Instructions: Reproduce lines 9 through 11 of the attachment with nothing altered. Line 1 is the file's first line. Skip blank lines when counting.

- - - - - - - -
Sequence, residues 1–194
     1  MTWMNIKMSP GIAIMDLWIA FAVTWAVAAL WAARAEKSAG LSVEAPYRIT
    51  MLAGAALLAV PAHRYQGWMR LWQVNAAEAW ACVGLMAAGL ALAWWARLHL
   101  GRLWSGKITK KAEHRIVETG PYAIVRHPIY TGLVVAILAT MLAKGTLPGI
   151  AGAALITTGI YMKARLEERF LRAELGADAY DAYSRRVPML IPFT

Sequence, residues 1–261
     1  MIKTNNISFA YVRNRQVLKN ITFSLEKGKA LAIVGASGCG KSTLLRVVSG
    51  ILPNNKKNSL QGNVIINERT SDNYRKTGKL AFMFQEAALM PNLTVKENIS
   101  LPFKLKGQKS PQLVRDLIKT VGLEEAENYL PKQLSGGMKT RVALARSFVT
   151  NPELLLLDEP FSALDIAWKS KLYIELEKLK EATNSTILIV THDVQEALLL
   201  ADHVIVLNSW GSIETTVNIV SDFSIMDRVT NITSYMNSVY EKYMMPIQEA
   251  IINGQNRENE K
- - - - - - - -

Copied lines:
   101  LPFKLKGQKS PQLVRDLIKT VGLEEAENYL PKQLSGGMKT RVALARSFVT
   151  NPELLLLDEP FSALDIAWKS KLYIELEKLK EATNSTILIV THDVQEALLL
   201  ADHVIVLNSW GSIETTVNIV SDFSIMDRVT NITSYMNSVY EKYMMPIQEA